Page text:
Harvard University Press has partnered with De Gruyter to make available for sale worldwide virtually all in-copyright HUP books that had become unavailable since their original publication. The 2,800 titles in the “e-ditions” program can be purchased individually as PDF eBooks or as hardcover reprint (“print-on-demand”) editions via the “Available from De Gruyter” link above. They are also available to institutions in ten separate subject-area packages that reflect the entire spectrum of the Press’s catalog. More about the E-ditions Program »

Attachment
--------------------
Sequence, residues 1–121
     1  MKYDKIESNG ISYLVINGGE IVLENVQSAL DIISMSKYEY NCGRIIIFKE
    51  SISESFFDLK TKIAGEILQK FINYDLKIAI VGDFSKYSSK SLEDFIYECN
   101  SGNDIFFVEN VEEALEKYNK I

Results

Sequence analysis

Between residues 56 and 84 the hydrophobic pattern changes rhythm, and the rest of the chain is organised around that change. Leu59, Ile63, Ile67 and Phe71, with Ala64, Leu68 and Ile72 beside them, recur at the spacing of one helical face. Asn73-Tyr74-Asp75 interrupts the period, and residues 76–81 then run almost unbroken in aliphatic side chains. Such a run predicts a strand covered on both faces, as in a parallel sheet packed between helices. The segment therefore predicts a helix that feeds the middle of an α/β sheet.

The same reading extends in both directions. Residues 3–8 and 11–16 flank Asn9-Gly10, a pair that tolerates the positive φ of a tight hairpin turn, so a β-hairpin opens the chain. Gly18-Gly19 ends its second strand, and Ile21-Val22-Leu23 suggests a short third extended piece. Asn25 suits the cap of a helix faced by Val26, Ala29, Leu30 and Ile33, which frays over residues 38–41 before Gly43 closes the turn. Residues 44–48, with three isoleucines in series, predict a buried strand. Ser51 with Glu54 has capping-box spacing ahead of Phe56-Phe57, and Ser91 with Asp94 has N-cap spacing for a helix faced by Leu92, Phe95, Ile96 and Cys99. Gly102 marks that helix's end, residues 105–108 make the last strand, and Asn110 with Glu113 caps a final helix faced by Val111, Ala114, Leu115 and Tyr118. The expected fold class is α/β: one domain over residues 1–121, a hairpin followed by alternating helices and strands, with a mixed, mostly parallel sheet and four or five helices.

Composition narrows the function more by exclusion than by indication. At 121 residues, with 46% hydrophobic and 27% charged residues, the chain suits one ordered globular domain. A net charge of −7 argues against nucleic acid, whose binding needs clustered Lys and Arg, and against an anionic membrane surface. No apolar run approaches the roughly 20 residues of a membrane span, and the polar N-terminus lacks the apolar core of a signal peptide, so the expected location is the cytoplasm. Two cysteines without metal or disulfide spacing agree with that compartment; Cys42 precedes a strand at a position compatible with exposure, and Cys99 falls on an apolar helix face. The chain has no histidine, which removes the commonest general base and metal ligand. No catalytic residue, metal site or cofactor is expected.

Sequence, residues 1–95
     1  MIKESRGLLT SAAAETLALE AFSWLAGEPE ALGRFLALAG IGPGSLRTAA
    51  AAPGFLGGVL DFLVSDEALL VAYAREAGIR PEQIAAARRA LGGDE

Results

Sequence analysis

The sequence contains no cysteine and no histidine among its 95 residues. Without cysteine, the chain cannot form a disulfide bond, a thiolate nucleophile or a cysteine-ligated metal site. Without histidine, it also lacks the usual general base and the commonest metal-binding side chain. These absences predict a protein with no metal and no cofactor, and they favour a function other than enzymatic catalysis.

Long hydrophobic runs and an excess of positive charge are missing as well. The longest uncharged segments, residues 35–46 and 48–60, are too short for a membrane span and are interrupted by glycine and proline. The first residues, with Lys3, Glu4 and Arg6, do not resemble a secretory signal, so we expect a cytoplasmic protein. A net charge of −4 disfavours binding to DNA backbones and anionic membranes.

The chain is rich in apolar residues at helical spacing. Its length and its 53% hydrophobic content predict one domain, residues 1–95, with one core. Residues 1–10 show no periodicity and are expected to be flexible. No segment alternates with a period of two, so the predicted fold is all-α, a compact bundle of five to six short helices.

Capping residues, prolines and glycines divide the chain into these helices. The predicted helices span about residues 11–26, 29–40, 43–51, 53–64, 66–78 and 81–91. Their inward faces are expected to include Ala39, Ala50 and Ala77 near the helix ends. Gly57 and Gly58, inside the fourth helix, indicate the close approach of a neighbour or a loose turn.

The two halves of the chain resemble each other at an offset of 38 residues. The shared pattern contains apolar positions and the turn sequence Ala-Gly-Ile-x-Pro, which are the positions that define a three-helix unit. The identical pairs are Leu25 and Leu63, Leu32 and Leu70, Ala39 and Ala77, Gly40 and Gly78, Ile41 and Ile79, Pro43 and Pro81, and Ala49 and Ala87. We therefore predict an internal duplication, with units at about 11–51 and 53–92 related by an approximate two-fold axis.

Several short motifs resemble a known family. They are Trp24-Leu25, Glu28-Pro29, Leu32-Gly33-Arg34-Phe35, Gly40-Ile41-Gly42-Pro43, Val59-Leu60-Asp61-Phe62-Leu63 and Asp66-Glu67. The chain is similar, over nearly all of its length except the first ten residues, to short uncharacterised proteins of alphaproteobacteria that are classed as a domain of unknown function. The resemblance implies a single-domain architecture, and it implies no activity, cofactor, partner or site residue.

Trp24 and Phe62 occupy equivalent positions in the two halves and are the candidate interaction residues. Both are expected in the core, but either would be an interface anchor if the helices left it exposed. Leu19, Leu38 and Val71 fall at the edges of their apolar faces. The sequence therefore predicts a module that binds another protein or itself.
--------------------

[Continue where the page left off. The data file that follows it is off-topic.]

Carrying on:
Charles Bulfinch, son of a wealthy and cultivated Boston family, exerted a wide influence on architecture in New England, where his version of the Adam style became characteristic of the early Republican period. For years a gentleman architect without pay, he became bankrupt in the 1795 depression, after which his architectural talents became the basis for a professional practice. As architect and Boston selectman, he was responsible for the great development of Old Boston. Later he was appointed architect of the Capitol, succeeding Latrobe. Harold Kirker has catalogued Charles Bulfinch’s known commissions, arranging them chronologically and accompanying each with illustrations. He includes dates of construction, alteration, and demolition; process of construction; descriptions and pictures of buildings that served as models for Bulfinch’s designs; reasons for attributing certain buildings to Bulfinch; contemporary and other descriptions of each building; and information about the clients. Over 170 illustrations include plans, elevations, drawings, and photographs. Kirker also includes a short introduction on Bulfinch, three appendices, and a bibliographical essay.